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  • St Bridget's Church Bridekirk

    St Bridget's Church Bridekirk

  • Main A594 Road

    Main A594 Road Dovenby

  • Tallentire Village from the hill

    Tallentire Village from the hill

  • Bridekirk Dovenby School

    Bridekirk Dovenby School

  • Lakes Fells from Tallentire Hill

    Lakes Fells from Tallentire Hill

  • Tallentire looking north

    Tallentire looking north

  • Bridekirk

    Bridekirk

  • Tallentire looking South

    Tallentire looking South

  • Criffel in Scotland in the distance

    A panorama from Tallentire Hill towards the coast. Criffel in Scotland in the distance

  • Medieval St Bridget's

    Medieval St Bridget's

    contact us

  • Slide 2
  • Dovenby

    Dovenby


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Link to Cumbria Highways road closures information here
Dovenby Speed Limit Proposal Dovenby Speed Limit

**NEW** Walks in the local area click here

Current Planning Applications click here
You can contact the Parish Clerk on bridekirkparish@gmail.com

This website can be a useful parish notice board. Contact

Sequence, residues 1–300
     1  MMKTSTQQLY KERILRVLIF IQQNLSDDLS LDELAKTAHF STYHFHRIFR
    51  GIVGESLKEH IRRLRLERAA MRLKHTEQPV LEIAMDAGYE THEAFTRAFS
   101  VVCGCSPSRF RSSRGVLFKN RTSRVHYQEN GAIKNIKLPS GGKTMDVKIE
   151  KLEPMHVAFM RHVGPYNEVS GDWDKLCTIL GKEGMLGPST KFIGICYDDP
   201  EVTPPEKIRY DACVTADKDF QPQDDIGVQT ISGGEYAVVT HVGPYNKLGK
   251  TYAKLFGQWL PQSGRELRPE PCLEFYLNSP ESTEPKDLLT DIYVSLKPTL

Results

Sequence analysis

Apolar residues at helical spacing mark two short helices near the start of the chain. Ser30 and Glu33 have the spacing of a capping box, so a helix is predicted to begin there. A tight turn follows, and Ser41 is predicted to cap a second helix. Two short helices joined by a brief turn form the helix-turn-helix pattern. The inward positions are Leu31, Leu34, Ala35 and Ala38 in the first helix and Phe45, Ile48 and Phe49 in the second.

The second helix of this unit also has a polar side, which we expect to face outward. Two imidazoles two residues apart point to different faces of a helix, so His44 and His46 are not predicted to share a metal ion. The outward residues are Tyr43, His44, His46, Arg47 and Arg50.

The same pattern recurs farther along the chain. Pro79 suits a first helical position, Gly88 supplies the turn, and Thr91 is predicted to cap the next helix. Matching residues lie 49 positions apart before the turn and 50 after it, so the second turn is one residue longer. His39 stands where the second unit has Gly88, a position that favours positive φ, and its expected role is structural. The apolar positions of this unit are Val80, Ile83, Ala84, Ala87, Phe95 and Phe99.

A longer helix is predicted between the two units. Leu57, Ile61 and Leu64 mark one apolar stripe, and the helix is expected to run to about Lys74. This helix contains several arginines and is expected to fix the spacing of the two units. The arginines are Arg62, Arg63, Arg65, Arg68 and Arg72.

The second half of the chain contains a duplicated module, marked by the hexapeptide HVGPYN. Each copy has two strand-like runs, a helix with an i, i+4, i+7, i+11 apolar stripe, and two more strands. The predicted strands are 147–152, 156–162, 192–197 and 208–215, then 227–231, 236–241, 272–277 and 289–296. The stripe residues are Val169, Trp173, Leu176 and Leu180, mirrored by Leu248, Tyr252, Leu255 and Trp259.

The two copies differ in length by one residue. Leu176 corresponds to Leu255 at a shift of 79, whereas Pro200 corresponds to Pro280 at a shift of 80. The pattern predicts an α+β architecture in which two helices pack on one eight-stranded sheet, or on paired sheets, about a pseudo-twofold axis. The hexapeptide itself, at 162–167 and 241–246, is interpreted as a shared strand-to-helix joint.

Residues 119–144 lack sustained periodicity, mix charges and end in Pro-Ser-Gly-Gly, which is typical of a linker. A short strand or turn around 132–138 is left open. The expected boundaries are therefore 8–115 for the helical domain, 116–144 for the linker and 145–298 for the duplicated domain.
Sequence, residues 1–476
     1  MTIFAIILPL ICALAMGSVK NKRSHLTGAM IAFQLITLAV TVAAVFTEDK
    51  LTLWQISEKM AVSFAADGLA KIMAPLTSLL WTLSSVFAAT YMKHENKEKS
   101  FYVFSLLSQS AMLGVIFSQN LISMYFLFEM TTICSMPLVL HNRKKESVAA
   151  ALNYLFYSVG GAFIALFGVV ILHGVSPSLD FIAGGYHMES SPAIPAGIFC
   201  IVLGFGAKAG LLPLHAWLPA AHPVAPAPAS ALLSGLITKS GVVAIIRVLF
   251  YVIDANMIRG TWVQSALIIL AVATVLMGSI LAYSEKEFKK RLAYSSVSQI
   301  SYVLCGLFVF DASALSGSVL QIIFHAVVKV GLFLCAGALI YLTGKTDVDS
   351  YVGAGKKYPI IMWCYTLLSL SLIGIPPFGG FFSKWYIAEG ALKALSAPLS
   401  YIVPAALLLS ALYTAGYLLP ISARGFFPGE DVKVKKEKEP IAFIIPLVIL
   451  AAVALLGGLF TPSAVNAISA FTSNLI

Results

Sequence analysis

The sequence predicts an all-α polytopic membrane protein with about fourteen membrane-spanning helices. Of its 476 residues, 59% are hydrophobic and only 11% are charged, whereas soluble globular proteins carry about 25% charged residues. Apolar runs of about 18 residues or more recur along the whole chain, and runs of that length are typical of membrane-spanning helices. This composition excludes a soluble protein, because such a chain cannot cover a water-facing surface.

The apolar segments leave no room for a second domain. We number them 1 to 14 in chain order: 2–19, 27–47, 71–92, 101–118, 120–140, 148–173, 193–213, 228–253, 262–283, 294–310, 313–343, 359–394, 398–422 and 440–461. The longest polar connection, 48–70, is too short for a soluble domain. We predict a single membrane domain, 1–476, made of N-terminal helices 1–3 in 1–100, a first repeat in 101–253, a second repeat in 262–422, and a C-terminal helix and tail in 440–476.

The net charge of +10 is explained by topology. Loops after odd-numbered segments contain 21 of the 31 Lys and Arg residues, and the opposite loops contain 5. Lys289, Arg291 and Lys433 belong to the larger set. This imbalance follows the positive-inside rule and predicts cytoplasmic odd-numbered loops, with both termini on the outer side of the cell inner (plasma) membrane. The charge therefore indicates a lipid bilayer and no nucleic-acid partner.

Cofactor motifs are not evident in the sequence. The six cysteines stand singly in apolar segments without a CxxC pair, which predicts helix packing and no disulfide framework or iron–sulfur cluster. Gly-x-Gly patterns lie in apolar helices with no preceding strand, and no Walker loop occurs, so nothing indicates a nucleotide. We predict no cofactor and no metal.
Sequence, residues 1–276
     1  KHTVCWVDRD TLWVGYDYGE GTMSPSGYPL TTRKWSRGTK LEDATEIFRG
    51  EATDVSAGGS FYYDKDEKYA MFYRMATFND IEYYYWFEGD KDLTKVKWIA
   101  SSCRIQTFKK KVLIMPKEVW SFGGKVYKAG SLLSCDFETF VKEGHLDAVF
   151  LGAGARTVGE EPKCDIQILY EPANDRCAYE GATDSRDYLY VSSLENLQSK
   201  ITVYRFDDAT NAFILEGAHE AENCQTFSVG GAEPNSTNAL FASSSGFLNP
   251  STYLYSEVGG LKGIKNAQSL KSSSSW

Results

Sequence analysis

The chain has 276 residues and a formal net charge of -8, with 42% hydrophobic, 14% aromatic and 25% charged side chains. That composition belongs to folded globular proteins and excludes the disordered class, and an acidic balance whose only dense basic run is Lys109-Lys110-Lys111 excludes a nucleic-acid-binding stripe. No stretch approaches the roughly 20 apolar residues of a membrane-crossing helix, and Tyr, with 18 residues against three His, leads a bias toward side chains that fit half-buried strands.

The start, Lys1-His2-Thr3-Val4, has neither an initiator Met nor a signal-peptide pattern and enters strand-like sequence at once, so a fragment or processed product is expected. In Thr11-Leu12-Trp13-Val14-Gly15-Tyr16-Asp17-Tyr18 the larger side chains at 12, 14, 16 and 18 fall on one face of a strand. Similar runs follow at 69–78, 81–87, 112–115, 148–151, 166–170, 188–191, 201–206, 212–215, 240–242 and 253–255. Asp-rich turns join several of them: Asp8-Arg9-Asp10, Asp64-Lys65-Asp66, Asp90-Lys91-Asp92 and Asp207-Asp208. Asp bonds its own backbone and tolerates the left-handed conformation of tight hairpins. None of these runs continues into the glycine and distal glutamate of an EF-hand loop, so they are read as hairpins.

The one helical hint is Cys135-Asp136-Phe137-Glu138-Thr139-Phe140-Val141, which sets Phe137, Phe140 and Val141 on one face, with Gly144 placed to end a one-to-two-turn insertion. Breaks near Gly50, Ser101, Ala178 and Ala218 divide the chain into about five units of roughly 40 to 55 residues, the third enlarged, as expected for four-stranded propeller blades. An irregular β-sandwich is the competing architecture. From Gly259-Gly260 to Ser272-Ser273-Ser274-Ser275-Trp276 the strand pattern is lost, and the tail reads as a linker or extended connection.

webmaster@bridekirkparish.org.uk to have items added
More information is on the Tallentire Facebook group
; the Bridekirk Facebook Group or the Dovenby Facebook Group
You may need to log in to Facebook and request membership of the groups.

Other local information can be found here.

Bridekirk Parish is near Cockermouth and comprises the three villages of Bridekirk, Tallentire and Dovenby, with the surrounding countryside.

Latest Parish News

Nuclear Geological Disposal Group - Allerdale

14

May 2021
Allerdale Working in Partership

Allerdale and the geological disposal of radioactive waste

A Working group has been formed in West Cumbria to begin the conversation about the possibility of hosting a geological disposal facility (or GDF) in Allerdale

The Allerdale GDF Working Group was formed to start discussions locally about the possibility of hosting a deep geological facility within the area for the disposal of the UK’s radioactive waste.

Let us emphasise from the outset that having a GDF in Allerdale is not a done deal. It will be years before any siting decisions are taken or construction could begin so there will be many opportunities for local people to share their views, express their concerns and ask questions.